In summary, we report that 5.5% of 128 high risk intermediate AMD patients in this study have vascularized drusen. Most instances of vascularized drusen in our cohort had a uniform sub-RPE hyperreflectivity and a majority of the lesions were in the subfoveal and parafoveal regions. In all instances, FA failed to identify the presence of the neovascularization. Our results demonstrate the utility of SD-OCTA for the detection of vascularized drusen in patients with intermediate non-exudative AMD.

Availability of data and materials

The datasets used and/or analysed during the current study are available from the corresponding author on reasonable request.

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Authors

Contributions

Conception and design: NW, CO. Data collection, analysis and interpretation: CO, AYA. Review and approval of final manuscript: JSH, NW, JF, SS, DBrown, DBoyer, AYA, CO. All authors read and approved the final manuscript.

Corresponding author

Correspondence to Nadia Waheed.

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Competing interests

JSH: Financial Support: 4D Molecular Technologies, Acucela, Adverum, Aerie, Aerpio, Allegro, Apellis, Asclepix, Astellas, Bayer, BVI, Coda Therapeutix, Corcept, Daiichi Sankyo, Genentech/Roche, Genzyme, Heidelberg, Hemera, Janssen R&D, Kanghong, Kodiak, Neurotech, Notal Vision, Novartis, Ocular Therapeutix, Ophthotech, Optovue, Quark, Ra Pharmaceuticals, Regeneron, Regenxbio, Scifluor, Shire, Stealth Biotherapeutics, Thrombogenics, TLC, Tyrogenex.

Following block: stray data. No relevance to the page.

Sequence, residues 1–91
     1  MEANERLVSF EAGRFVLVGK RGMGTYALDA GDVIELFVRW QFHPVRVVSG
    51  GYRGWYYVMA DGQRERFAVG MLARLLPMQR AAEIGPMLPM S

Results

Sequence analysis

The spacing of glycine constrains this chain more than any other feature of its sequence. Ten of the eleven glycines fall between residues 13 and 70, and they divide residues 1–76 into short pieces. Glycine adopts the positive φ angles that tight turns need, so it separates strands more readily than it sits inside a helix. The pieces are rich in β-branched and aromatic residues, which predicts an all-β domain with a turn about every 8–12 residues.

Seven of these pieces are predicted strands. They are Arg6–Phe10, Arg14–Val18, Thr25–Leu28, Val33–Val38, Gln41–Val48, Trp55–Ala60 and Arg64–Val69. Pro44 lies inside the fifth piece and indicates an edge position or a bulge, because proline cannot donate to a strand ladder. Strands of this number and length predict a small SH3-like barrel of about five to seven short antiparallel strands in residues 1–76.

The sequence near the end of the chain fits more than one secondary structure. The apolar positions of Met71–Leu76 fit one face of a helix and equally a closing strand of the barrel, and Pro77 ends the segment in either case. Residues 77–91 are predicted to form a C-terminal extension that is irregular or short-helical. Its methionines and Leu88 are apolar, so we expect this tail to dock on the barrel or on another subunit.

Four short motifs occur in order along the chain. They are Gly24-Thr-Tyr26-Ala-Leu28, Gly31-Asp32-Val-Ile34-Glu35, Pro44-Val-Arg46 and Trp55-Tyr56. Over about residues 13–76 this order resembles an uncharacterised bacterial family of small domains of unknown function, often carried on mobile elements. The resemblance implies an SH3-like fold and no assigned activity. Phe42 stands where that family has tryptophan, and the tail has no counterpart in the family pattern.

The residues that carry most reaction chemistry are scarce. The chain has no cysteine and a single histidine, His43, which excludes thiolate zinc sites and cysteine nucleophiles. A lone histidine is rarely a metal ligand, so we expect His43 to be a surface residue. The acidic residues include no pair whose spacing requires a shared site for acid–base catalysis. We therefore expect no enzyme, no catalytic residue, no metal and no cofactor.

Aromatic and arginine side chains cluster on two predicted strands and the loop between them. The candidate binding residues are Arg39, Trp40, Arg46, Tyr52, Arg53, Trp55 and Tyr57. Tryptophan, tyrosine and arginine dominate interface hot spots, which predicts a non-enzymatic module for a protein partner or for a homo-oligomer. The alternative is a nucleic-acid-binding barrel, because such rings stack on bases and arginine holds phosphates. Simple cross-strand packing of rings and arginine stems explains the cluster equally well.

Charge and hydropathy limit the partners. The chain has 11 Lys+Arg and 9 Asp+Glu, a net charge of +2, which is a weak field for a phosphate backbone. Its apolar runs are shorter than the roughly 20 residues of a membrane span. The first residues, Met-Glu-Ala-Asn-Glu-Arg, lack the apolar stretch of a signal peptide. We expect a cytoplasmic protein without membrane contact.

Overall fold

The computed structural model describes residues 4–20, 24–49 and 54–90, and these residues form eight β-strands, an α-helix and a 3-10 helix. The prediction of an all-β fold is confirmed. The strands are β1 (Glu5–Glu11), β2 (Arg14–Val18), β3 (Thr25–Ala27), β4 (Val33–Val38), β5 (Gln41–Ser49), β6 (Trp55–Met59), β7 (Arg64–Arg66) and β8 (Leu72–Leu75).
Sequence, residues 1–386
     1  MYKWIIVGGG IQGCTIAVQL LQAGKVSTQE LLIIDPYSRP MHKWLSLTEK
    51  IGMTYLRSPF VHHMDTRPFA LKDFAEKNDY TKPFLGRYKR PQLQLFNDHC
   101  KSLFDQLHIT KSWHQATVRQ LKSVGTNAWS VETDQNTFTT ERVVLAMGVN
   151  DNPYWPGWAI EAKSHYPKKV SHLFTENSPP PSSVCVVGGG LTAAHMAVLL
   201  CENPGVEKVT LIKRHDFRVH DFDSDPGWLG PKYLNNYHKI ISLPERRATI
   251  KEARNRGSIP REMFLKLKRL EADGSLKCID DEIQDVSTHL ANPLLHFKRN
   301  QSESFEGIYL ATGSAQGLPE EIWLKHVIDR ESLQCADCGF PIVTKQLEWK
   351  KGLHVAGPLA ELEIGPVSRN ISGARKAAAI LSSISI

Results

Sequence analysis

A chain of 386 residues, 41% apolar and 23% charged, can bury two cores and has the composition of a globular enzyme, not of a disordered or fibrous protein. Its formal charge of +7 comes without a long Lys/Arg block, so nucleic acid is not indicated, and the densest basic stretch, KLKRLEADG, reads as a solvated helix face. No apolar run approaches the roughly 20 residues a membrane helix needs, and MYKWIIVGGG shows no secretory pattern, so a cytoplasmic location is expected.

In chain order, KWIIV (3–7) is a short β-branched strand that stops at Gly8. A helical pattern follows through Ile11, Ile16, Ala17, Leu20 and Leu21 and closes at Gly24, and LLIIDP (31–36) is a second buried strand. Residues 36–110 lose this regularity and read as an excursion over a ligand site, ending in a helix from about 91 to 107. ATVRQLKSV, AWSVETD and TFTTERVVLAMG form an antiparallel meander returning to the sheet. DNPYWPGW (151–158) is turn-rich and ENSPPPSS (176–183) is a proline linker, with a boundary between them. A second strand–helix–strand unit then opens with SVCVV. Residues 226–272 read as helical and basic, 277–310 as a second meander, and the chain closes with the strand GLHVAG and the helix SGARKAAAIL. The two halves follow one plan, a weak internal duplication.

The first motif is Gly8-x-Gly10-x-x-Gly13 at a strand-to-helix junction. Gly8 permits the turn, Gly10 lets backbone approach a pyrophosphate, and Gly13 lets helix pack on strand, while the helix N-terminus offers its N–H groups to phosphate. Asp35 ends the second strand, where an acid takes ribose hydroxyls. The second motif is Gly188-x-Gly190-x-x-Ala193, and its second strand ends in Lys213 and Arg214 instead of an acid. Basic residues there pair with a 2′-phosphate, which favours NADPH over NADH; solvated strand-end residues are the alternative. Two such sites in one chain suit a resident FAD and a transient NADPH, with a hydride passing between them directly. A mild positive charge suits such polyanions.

NW: Financial Support: Macula Vision Research Foundation, Topcon Medical Systems, Inc., Nidek Medical Products, Inc., Optovue, Inc. (Consultant), Carl Zeiss Meditec, Inc.

JF: Optovue, Inc. (Patent, Personal Financial Interest and Consultant), Carl Zeiss Meditec, Inc. (Patent), Topcon Medical Systems, Inc. (Recipient).

DBrown: Consultant – Genentech, Roche, Regeneron, Bayer, Novartis, Adverum, Santen, Samsung, Senju, Clearside Biomedical, Heidelberg, Optos, Zeiss, OHR, Regenxbio, ChengduKanghong Biotechnology, Apellis, Stealth Biotherapeutics; Grants/grants pending – Genentech, Roche, Regeneron, Clearside Biomedical, Heidelberg, Adverum, Novartis, OHR, Santen.

DBoyer: Consulting fee – Genentech; Consulting fee or honorarium – OptoVue, Regeneron, Roche, Novartis, Alcon, Allergan, Bayer; Lecture fees – Allergan.

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Or, C., Heier, J.S., Boyer, D. et al. Vascularized drusen: a cross-sectional study. Int J Retin Vitr 5, 36 (2019). https://doi.org/10.1186/s40942-019-0187-6

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Keywords

  • Age-related macular degeneration
  • Retina
  • Optical coherence tomography
  • Optical coherence tomography angiography
  • Vascularized drusen
  • Retinal imaging